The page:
Notes on the war
Just a quick note on three outstanding pieces, two re the war on terror and one on the state of conservatism.
First, Krauthammer, again, this time holding forth on the administration’s very poor conduct of the war on terror. War, what war? Whatever one may think of waterboarding, giving terrorists Miranda rights is not the way to win a war; it is the way to put our civilization and its most innocent members in deep jeopardy. Obama’s leadership in the war-that-is-no-longer-a-war has been worse than non-existent, and Krauthammer does a marvelous job explicating that. Our “Charles Martel” has always been exceptional, but over the past several months he has been outdoing himself consistently.
Then, on the philosophical side, here’s an article – an excellent one, in my estimation – on Evangelical Pacifism in the War on Terror, by Mark D. Tooley. Sadly, the Left-Right divide also affects the Body of Christ. It’s not supposed to be so according to Jesus’ High Priestly Prayer of John 17, but when innocent people are in danger of heinous terrorism, isn’t that an important enough subject to have an opinion on? Shouldn’t being a Christian not only make us more tuned into what is going on, but also an effective change agent?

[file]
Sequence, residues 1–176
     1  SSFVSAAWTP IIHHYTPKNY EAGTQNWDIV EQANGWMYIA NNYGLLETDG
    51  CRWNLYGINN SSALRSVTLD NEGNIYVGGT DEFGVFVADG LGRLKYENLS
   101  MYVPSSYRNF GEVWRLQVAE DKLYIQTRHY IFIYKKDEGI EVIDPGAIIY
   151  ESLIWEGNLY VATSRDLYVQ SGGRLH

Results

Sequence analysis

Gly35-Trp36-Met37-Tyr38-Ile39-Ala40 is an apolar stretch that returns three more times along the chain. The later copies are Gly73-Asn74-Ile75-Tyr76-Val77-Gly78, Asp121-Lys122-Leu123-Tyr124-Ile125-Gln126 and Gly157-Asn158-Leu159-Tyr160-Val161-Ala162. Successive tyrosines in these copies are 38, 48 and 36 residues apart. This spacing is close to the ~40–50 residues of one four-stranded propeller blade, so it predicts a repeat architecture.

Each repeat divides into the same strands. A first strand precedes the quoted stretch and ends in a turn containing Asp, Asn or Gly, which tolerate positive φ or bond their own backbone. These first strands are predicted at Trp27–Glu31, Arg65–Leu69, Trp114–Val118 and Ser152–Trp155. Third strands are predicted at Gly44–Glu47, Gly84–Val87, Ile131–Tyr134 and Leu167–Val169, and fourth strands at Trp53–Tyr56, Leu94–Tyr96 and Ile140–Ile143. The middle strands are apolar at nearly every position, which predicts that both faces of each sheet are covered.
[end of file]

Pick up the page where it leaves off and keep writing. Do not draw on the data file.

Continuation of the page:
Are our differences because we are not concentrating on the fundamentals that unite us? Or is it because one side or both are off on those very fundamentals? It’s nothing new that the Body is at loggerheads on serious issues, to be sure, and 2Ti 3.1-6 and other verses warn us of big problems that were to come in the church, but it’s nonetheless lamentable.
Finally, there’s a very-well-written piece on Sarah Palin being “Man of the Year” (the author’s term, not mine). At this point, Sarah is divisive, though her numbers have been changing dramatically. But no matter what you think of her, you have to admit that she’s been subjected to an amazing level of personal attack, and just keeps ticking. This is more than an article on her, however, it’s on the state of conservatism at this crucial juncture, and it’s an interesting read.
UPDATE: While I’m on this subject, I can’t resist adding this Mark Steyn piece to Krauthammer’s on the subject of our national defense being in utter disarray. Amazingly good writing. It’s surreal to be able to appreciate writing, when the subject is so dreadfully serious. But that’s the way it is sometimes. The clarity here will hopefully change minds about the direction in which we’re going.